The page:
With regard to the supplementary question, I have seen media reports to this effect. You are also aware of the Interior Minister’s address of yesterday, in which he has conveyed the steps taken in this regard. These matters fall in the domain of law and order for which Ministry of Interior is the concerned Ministry.
My question is with regard to the announcement Mr. John Kerry will not be visiting Pakistan and some other countries and that a junior official has been sent instead to talk with our senior officials. Did the Foreign Office receive any prior information that why Mr. John Kerry not come to Pakistan? (Mateen Haider – Dawn News)
Situation in IoK is deteriorating day by day; Indian armed forces are killing Kashmiris daily. After initial condemnation, Pakistan has not issued any statement to condemn each time a Kashmiri is killed. More than 40 Kashmiris have been killed by Indian forces since last condemnation. Your comments. (Shaukat Paracha – Aaj TV)
You are very much aware of India’s recent atrocities committed in Indian occupied Kashmir, and the fact the Prime Minister Modi has crossed the red line in his provocations against the territorial integrity of Pakistan Baluchistan. Your comments. (Asghar Ali Mubarak – Daily Mail Islamabad)
I am not aware of any such announcement about Mr. John Kerry not coming to Pakistan. If I recall correctly, Mr. Kerry, in his meeting with Adviser Sartaj Aziz, conveyed his desire to visit Pakistan soon. We have various bilateral mechanisms, through which regular bilateral consultations are held with the leadership of different countries. With your reference to Mr. Lavoy’s today’s meeting with the Foreign Secretary, as our press release clearly states that this is part of regular bilateral meetings between the two countries.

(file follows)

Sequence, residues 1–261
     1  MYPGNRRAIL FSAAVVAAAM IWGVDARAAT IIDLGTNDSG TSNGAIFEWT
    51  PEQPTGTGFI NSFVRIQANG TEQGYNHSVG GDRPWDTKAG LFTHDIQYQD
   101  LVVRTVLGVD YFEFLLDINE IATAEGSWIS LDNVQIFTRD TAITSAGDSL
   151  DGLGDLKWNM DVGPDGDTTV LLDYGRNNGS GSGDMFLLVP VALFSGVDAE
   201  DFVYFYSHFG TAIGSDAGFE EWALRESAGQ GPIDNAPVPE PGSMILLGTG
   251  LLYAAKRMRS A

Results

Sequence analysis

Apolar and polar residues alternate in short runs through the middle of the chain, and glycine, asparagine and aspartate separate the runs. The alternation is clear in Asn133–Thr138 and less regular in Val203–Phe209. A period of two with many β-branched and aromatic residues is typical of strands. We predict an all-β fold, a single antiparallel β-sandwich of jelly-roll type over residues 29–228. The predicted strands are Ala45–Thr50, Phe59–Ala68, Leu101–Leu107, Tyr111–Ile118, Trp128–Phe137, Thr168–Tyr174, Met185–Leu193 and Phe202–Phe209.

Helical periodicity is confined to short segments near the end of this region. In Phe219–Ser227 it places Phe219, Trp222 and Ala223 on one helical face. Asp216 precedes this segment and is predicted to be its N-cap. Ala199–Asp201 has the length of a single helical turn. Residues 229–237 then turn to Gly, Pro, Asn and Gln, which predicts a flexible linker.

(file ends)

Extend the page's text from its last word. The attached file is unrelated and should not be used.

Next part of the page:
Regarding your question on Pakistan’s efforts to highlight the issue of Kashmir, Pakistan has condemned the killings and blatant human rights violations in the Indian Occupied Jammu & Kashmir by the Indian forces. We have also invited the attention of the international community including UN Secretary General and the UN Commissioner for Human Rights. The Indian forces have unleashed a reign of terror which is deplorable and condemnable. We have called upon the international community to play its role in ending the bloodshed in the IoK and ensuring the medical treatment of the injured people particularly people suffering from eye injuries due to the use of pellet guns. Prime Minister Nawaz Sharif has offered to provide medical assistance to the Kashmiris, who have suffered from eye injuries due to pellets.
We have been expressing our condemnation and concerns on the Indian brutalities in IoK at every forum and on every available opportunity. As I also mentioned in my opening remarks, the recent visits of Special Assistant to the Prime Minister on Foreign Affairs, Mr. Tariq Fatemi and Foreign Secretary have been effectively used to highlight Indian human rights violations in IOK.
On Mr. Asghar’s question, you are talking about an issue which is ongoing. You are talking about a matter that is awaiting implementation of the UN Security Council Resolutions. We understand that what is currently happening in Kashmir is Kashmiri people’s movement of self determination, which the Indian occupation forces are trying to suppress through use of brute force. We hope that the International Community will play its role in ending violence and plight of innocent Kashmiris and ensuring early implementation of the outstanding UN Security Council Resolutions, so that Kashmiri people’s right to self determination is realized. As for our part, Pakistan is making continuous efforts to highlight Indian brutalities in Kashmir, and call for an early resolutions to the Kashmir problem.